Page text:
A Summary of my recent appearance on Bloomberg Television UK and Germany.
Are U.S. inflation jitters worrying you?
• We have been worried for some months about America’s inflation pressures.
• But contrary to the market, our concern has been that of cost-push, NOT of demand-pull inflation:
o Washington’s gripe is Main Street’s delight: America’s trade deficit is worsened by cheap imports from China and India
o But, productivity is sagging, and wages are rising, so up go unit labor costs (ULCs)
o This rise in ULCs is going to bite profits whichever you look
+ EITHER the companies pass the higher input costs on – so up go the Fed Funds rates and slow demand even more, next to exacerbating the sub-prime issues, so down goes demand and thus the turnover part of the profits equation,
+ OR companies do not pass the higher costs on – at which point the margins part of the profits equation gets squeezed
o If it is true that stocks, ultimately, are bought and sold because of their profits outlooks, then with the profits outlook worsening, along with America’s Economic Time™, so much the stock market.
Must a U.S. market slump by definition hurt Asia?
• Not as much as when I started my Asian career in 1986.
• At that time, everyone was obsessed with Asian exports to America: “if America sneezes, Asia catches a cold”
• Things are not “different” – but, the growth locomotives have changed: step in China and India
• While America, Europe and Japan are highly developed cyclical economies, there is a “trend” growth mandate in China and in India: politicians have to create jobs – otherwise they will be out of jobs themselves
• Thus, or guess is that once the market accepts a worsening Economic Time™ in America and Europe and Japan, all markets will undergo an initial spasm – but then watch the funds flow to the “safe havens” of China/Hong Kong and India.
• Why is this? Because these economies are far less dependent on exports to America and Europe, and far more dependent on domestic demand: so America gets to sneeze without us catching a cold!
Any important market messages that came out of Prime Minister Wen’s visit to Japan?
• Yes: both sides want to work to get along, and that is good for markets
• Crucially, the visit’s results will stand/fall by the issue of the Yasukuni Shrine visit: as long as PM Abe does NOT visit the Yasukuni Shrine while he is Prime Minister, China wants to keep talking with China about issues of mutual interest. BUT, if Abe does visit the Shrine, then watch lots of political anti-Japanese pressures mount in China. At that point, Japan’s traditionally defensive foreign policy could get teeth: it could re-arm in fear of the Chinese “dragon” getting unruly (again?)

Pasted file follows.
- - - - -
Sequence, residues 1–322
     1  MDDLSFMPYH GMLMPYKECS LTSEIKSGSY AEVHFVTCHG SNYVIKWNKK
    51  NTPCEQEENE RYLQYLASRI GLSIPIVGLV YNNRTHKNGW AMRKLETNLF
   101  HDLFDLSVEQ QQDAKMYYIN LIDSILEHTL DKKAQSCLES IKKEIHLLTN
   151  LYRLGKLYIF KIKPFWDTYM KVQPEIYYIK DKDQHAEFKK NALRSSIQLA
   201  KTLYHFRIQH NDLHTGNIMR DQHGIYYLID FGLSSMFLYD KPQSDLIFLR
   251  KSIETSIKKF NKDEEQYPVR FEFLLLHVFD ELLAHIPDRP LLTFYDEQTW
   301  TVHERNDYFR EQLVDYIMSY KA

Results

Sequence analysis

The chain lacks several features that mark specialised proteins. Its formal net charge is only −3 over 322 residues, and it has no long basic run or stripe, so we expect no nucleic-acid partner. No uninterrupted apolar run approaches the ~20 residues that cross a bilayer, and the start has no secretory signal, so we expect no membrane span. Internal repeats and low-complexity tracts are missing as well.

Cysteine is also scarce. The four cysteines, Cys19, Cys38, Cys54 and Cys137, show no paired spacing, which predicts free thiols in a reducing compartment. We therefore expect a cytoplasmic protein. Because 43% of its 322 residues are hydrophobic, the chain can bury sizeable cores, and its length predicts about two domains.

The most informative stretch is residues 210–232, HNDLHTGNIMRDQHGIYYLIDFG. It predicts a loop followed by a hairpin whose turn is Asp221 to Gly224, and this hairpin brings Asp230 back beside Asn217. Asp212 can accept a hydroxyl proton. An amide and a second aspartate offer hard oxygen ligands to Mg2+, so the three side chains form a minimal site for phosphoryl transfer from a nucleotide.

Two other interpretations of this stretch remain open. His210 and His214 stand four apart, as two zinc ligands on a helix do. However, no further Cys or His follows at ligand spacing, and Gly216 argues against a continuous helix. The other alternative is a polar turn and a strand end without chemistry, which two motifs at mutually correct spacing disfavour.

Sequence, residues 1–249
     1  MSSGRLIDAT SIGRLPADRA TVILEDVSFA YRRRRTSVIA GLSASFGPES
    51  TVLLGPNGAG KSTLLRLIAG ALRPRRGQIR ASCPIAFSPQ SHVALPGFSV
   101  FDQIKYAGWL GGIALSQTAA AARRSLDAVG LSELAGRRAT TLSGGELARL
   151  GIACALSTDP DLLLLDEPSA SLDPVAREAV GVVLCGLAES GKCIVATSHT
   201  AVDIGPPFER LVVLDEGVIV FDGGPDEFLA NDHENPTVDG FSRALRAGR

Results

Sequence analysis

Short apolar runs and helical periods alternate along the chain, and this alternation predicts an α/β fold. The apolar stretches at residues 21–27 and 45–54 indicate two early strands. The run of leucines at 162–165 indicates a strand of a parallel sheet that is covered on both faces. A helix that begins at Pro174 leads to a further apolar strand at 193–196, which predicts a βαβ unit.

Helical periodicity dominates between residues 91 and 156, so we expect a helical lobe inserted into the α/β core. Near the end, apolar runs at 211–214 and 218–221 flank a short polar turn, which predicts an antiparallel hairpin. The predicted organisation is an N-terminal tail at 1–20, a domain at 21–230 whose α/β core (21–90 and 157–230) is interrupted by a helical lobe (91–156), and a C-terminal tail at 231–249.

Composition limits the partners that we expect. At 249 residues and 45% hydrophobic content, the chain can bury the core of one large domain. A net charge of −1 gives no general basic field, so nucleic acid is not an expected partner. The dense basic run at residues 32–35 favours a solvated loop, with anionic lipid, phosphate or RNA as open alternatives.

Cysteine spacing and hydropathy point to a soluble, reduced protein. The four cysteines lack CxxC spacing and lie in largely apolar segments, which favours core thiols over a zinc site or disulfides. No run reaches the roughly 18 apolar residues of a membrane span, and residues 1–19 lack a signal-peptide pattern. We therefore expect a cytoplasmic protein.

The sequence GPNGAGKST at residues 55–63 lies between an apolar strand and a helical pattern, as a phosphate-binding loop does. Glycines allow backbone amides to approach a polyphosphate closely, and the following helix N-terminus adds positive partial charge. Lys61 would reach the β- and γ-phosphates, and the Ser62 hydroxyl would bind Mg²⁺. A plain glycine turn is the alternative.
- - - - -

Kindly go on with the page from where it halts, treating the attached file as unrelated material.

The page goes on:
• There is an interesting dichotomy: China’s population is growing while Japan’s is shrinking. So it seems that both sides want to maintain the peace – which is good for markets in the long term
Why are you so optimistic – despite the currency peg implying that HK rates have to go the direction of America’s?
• Hong Kong has evolved from China’s export port to China’s banker
• This means that Hong Kong is no longer as dependent on America’s and Europe’s and Japan’s Economic Time™; instead it is the water skier off the back of the Chinese (growth) speed boat
Any political reasons for concerns about the markets?
• Yes: domestic politics are very unsettled at present, and markets don’t like that
• But there are rumours that Chen wants to lob bombs at China just ahead of the Olympics – so as to spoil China’s party, say next May? We sure hope that the rumour dissipates, but it has come to our attention….
Rates just got cut again: is Thailand’s Economic Clock™ going into a better time zone?
• Sadly not
• As in Taiwan, political tensions are going to dominate market sentiment
• Indeed, the very reason that rates were cut is precisely because Thailand’s government is facing challenges. It will overcome these, but if there are so many “sure fire” investment opportunities in China, Hong Kong and India, then why risk one’s money in Thailand?
• The Kingdom will make a comeback, but the time value of money is unrelenting, and points to more promising markets for now.